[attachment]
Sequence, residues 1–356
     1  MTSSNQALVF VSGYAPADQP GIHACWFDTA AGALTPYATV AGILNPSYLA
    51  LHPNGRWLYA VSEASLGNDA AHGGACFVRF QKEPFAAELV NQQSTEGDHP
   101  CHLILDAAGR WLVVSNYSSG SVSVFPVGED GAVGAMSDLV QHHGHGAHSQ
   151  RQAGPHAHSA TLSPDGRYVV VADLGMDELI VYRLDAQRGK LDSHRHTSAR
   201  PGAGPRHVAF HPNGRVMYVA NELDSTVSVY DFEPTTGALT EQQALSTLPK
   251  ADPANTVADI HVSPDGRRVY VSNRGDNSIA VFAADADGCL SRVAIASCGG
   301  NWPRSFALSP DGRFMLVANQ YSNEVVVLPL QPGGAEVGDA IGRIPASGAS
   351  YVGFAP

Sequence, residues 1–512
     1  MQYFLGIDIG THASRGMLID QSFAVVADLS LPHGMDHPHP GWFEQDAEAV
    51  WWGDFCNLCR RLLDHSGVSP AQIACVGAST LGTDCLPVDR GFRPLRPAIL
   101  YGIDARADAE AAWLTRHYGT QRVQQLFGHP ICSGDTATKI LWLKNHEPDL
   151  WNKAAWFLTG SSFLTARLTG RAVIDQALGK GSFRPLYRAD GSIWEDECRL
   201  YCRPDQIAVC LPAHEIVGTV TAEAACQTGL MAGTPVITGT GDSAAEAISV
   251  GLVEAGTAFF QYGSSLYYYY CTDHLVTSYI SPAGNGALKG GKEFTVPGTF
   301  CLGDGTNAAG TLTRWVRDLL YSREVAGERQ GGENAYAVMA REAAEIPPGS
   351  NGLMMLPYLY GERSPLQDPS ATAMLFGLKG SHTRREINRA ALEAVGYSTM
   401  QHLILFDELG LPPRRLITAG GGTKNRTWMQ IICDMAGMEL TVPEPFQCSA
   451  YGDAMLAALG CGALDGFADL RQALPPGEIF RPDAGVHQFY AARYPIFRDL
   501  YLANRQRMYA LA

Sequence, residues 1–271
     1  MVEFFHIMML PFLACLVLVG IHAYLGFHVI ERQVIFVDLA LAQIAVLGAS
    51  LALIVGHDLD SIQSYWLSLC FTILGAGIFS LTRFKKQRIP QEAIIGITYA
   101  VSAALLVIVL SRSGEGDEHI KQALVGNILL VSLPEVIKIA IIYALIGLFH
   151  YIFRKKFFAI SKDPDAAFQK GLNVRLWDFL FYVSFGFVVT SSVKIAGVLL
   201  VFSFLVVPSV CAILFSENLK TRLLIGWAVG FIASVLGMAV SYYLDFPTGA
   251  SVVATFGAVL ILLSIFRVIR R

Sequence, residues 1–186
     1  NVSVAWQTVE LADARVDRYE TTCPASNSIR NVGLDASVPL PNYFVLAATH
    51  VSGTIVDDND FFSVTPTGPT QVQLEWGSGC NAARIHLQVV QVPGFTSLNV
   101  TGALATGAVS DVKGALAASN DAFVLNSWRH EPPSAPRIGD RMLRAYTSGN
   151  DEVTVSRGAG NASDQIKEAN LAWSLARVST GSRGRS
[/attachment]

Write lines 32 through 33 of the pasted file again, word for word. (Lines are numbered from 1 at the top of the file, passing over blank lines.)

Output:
   101  TGALATGAVS DVKGALAASN DAFVLNSWRH EPPSAPRIGD RMLRAYTSGN
   151  DEVTVSRGAG NASDQIKEAN LAWSLARVST GSRGRS